Managing Deliberate Self Harm

By Stuart Sorensen - RMN


Working with people who hurt themselves can be a confusing and bewildering experience. It is often extremely frustrating and distressing for the staff who may well be at a loss to understand why their resident keeps on injuring themselves. Traditional views about ‘manipulation’ or a ‘cry for help’ may bring some limited sense of explanation but they do little or nothing to help prevent future self-harm. This article explores some alternative notions about deliberate self-harm and examines ways that support workers can make a difference in a genuinely difficult situation.

First of all bear in mind that you are not alone. No single person can do everything. Whilst deliberate self-harm does not necessarily lead to suicide these things do happen and it’s always a good idea to liase with other, specialist professionals. A decent GP, Psychiatrist or community psychiatric nurse will be worth their weight in gold. It is important that you and the resident, together with input from other professionals, perform a thorough risk assessment. Agree how to manage future problems and when to seek outside or emergency help.

All that aside though, there is much that support workers can do on their own. Deliberate self-harm is not usually an attempt to manipulate others

Contrary to popular belief, deliberate self-harm is not usually an attempt to manipulate others. Nor is it usually a ‘cry for help’. Most people are quite able to ask for help without self-harming and the secrecy that often accompanies self-harm demonstrates that something else is going on. That ‘something’ is known as ‘Dysthymia’.

Many people, particularly those diagnosed with Post-Traumatic Stress Disorder or Borderline Personality Disorder experience emotions in a particular way (Kroll J. 1988). When under pressure they may find it impossible to make sense of what they feel and become ‘Dysthymic’. This means that they experience all emotions at the same time but no single emotion in particular. This, understandably enough, is difficult to bear.

One way to ‘reset’ the emotional balance is through physical pain. Self-harm prompts the brain to produce endorphins, a kind of natural opiate, which overcomes Dysthymia and allows the person to feel better. So when a resident deliberately self-harms it’s likely that they’re feeling stressed and overwhelmed. It doesn’t matter how stressful others believe their situation to be. Different people have different coping abilities and what may be no problem at all for one person might well overwhelm another (Zubin & Spring 1977).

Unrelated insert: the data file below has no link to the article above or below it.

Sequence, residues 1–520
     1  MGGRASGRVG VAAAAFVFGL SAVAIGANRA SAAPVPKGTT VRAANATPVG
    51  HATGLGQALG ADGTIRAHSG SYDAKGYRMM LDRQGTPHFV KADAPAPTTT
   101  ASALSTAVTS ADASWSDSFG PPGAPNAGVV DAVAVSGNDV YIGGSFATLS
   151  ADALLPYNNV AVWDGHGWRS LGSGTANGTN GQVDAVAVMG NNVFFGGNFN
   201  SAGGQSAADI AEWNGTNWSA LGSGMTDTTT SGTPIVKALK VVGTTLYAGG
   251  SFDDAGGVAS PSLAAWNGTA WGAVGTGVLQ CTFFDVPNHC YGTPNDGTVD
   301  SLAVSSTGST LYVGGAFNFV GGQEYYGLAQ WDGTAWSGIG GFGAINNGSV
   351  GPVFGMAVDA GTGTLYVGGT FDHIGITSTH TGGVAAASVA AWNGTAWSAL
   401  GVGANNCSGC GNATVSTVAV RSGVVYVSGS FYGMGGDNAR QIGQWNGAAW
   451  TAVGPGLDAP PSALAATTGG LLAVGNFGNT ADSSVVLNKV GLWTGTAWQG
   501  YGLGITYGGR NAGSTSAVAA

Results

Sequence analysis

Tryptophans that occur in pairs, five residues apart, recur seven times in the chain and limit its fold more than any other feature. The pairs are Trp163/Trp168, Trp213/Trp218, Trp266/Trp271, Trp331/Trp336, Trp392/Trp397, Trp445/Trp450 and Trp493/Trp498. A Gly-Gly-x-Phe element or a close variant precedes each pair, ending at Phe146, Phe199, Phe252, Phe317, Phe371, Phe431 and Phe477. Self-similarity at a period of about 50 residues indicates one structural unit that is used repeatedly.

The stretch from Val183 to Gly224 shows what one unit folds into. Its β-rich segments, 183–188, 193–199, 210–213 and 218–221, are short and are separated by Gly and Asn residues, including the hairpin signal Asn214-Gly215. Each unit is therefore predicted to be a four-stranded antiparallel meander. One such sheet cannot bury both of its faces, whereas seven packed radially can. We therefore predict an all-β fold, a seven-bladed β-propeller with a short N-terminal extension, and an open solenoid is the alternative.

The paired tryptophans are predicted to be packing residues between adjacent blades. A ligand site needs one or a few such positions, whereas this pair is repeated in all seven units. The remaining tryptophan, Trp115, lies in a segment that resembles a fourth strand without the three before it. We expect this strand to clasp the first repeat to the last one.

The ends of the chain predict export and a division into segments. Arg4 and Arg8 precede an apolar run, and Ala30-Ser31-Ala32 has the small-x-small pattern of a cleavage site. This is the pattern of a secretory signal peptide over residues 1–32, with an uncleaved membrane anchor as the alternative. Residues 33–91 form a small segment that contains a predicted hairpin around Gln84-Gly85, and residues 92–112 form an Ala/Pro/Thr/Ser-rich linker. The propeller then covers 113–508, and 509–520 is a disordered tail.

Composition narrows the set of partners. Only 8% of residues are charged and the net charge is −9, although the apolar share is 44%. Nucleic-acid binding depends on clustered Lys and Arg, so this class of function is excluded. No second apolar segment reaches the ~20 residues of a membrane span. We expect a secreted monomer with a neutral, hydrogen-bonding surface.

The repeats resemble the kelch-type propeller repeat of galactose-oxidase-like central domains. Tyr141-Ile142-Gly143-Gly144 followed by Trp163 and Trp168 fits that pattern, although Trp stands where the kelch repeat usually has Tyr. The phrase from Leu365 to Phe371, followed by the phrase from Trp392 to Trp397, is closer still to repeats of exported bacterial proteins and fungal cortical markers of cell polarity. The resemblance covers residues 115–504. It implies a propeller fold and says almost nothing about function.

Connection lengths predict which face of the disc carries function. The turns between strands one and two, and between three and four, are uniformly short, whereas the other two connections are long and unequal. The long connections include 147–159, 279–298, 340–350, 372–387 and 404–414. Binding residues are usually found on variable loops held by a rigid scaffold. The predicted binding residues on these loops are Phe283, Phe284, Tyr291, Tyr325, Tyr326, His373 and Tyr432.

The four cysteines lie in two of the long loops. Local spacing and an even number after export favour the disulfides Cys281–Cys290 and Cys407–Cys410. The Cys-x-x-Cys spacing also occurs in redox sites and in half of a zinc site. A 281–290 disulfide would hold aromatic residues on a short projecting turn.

A resident’s ability to manage is greatly enhanced by good support from their surroundings and social group (British Psychological Society 2000). In supported housing this means that the staff can influence significantly the resident’s coping skills.

Back in the 1950s George Brown began studying the effects of families and social groups on coping and mental health (Brown G. et al 1965? & Brown GW 1985). This research led to the concept of ‘High Expressed Emotion’. A few decades later in the USA Marsha Linehan came up with the concept of the ‘Invalidating Environment’ (Linehan M. 1993, 1 & 2). Both these concepts outline the ways in which certain types of interaction increase stress, reduce coping and lead to the conditions which encourage psychological and behavioural problems including deliberate self-harm.

These include

 
High Expressed Emotion
 
Aggression and hostility
 
Criticism
 
Emotional over-involvement

The Invalidating Environment

 
Erratic, inappropriate responses from significant others to the individual’s thoughts, beliefs and emotions.
 
Oversimplifying the ease with which problems can be solved.
 
Blaming the individual for not solving difficulties with ease.
 
A chronic and classical 'double bind' scenario in which the individual cannot ‘win’ whatever he or she does.

It clearly would be inappropriate for project workers in supported housing to undertake full-scale psychotherapy. However, attention to the concepts of expressed emotion and the invalidating environment is appropriate and can make a huge difference. Remember that befriending is an extremely effective method of supporting people, with or without external therapy.

The chart below outlines some of the things support workers can do to support people who self-harm and suggests responses to likely situations.


 


Don't


Do


Environmental


Criticise
Be hostile or aggressive
Be emotionally over involved
Invalidate


Gently challenge the resident to consider their actions objectively
Be assertive (stand up but don’t fight)
Respect their choices
Respect their rights, their opinions, their emotional life
Treat residents as adults
Do the best you can for them
Expect the best from them


Thoughts of Deliberate Self-Harm


Ignore this
Over-react to this


Discuss this with the resident and risk-assess
Call for assistance if necessary
Discuss coping with the resident and and monitor the situation as closely as is appropriate


Mild Deliberate Self-Harm


Ignore this
Over-react to this


Ensure the resident has access to appropriate first aid if applicable
Discuss this with the resident and risk assess
Call for assistance if necessary
If not necessary discuss coping options and practical needs
Discuss this with the multi-disciplinary team as soon as possible


Serious Deliberate Self-Harm


Ignore this


Get emergency help immediately
Monitor the resident
Co-operate with emergency services
Discuss the situation and begin to plan for future care with the multi-disciplinary team and the resident as soon as is possible once the initial emergency has passed

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